"That's not a problem today, but it's going to be a problem down the road when the younger alumni or students of today are in a position to make a donation 10 or 15 years down the road," she said. "We're seeing that with women donors, black and Latino donors, and LGBT donors."

Until relatively recently, however, most people who went into philanthropy work did not follow a set academic or career path. Instead, they "fell into" fund-raising by happenstance after a friend or a mentor introduced them to the world of philanthropy or helped them land a related job.

"Just hoping people fall into the profession is not a talent recruitment strategy, and it's not a sustainable one," Rothenberg said.

Jesus Rangel is among those who initially entered the profession unintentionally. He's now one of 18 recent college graduates -- people of color, first in their families to attend college, children of immigrants -- placed in fund-raising-related jobs at colleges and universities across the country as part of the CASE residency program.

Rangel, 23, attended Texas State University intending to eventually become a lawyer. He majored in political science, planned for law school and got "super involved" on campus at the start of his freshman year.

He became an official "university ambassador," led campus tours for prospective students and took part in donor events, alumni award banquets, tailgate parties and more. He met the university's vice president for advancement during one of those social gatherings.

"We kind of made a connection," Rangel said.

She became his mentor and invited him to fund-raising events and introduced him to donors and prospective donors with whom she had cultivated relationships. Rangel knew nothing about her line of work but found it interesting.

"Seeing the work that she did and the impact these donors had on students made me want to have an impact, too," he said.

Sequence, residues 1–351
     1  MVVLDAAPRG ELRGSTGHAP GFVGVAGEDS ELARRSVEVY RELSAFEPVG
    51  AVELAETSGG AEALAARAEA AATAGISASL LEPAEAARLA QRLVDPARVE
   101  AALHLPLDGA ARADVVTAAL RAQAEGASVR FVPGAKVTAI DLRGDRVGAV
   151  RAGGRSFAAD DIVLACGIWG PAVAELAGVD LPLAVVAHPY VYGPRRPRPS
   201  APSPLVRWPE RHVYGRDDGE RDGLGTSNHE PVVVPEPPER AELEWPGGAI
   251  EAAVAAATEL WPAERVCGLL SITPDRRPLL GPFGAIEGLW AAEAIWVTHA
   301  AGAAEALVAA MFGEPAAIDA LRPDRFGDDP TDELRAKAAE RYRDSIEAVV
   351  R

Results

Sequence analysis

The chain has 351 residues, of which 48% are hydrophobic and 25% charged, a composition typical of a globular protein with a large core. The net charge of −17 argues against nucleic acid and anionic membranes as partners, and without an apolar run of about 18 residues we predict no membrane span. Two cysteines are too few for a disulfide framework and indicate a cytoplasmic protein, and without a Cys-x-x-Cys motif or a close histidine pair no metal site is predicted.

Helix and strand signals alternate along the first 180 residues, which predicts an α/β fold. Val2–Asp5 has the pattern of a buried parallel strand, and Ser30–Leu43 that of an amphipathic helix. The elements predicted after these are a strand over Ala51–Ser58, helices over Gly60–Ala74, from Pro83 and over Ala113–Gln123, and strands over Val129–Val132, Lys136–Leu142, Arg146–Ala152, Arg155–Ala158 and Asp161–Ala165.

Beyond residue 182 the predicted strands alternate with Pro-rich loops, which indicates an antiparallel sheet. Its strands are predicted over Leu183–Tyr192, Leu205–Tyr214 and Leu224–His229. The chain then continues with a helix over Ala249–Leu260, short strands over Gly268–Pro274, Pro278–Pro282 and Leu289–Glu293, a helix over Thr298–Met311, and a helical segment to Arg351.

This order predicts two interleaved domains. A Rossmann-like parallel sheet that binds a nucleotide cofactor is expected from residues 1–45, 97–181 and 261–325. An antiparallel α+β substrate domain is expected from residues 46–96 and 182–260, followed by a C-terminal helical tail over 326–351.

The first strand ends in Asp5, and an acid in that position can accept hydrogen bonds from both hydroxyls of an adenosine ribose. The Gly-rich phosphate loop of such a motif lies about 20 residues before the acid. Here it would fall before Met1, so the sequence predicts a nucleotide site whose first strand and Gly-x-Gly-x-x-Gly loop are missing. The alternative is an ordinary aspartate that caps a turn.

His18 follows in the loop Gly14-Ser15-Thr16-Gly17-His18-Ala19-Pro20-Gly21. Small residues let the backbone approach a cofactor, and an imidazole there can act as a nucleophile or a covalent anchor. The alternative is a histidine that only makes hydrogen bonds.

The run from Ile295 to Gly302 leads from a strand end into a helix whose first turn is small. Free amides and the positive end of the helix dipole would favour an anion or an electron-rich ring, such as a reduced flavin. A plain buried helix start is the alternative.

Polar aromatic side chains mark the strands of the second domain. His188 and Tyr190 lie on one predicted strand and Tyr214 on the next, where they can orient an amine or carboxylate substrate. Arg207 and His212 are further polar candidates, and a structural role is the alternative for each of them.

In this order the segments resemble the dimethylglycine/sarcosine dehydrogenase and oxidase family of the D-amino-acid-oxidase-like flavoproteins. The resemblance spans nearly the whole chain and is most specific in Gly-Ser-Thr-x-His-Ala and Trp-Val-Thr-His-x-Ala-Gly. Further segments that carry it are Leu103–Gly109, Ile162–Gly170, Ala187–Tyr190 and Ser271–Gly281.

Rangel, who grew up in rural Texas, is a first-generation college student from a working-class family. He said he realized he could help other young people like him attend college by raising money to fund scholarships.

By the time he graduated last May, he'd changed his mind about becoming a lawyer.

Last month, he started his residency at Oregon State University as a social media specialist and fund-raiser. He's currently helping plan the university's first Day of Giving campaign scheduled for next April and is seeking out current students and alumni among various affinity groups, including African Americans, people who identify as LGBTQIA and members of Greek organizations, to get involved.

"Students giving back isn't very big here," Rangel explained. "Just looking at the analytics of student giving, you can see it's a very small percentage. I think it can be brought up."

He said the university is considering a Philanthropy Week of events leading up to the Day of Giving to get students, prospective donors and community members energized about giving.

"We're trying to develop ways to get that culture of philanthropy in their mind-set," Rangel said. "Articles that I've read about fund-raising say that some institutions introduce that culture of philanthropy the moment you walk in the door as a freshman so by the time you graduate you have that mind-set of donating your time, talent or treasure," he said.

Rangel is now on a completely different career track than when he first started college. "My current path is to get my master's degree in business and then get my Ph.D. in higher education and become president of a university one day."

Viet Nguyen, 23, who is doing his fund-raising residency at his alma mater, Ohio State University, also hopes to become a university president. He was also a university ambassador and then became a presidential host at his campus. Both opportunities brought him into contact with university leaders, alumni and donors. Still, he didn't consider fund-raising as a career option until his senior year.

"I never saw myself as a fund-raiser," he said. "I did cold-calling in high school and always hated that. The university ambassador program really helped me shape my future career."

Nguyen was born and raised in Columbus, Ohio. His parents are immigrants from Vietnam. After graduating with dual bachelor's degrees in strategic communications and business administration, he will work in different areas of the university's advancement department during his residency.

Now he spends his days talking with alumni "and trying to get them to give back to the university." At the end of those conversations, he shares "a perspective story" of why he chose to attend Ohio State in hopes of making that connection that might lead to a donation.